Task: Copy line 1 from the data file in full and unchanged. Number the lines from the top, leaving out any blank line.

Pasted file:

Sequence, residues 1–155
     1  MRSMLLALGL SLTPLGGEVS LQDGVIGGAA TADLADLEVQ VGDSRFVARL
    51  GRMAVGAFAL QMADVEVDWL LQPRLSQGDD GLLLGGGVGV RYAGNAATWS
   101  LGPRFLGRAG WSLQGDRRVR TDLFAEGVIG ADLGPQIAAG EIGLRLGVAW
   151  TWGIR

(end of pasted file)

Sequence, residues 1–155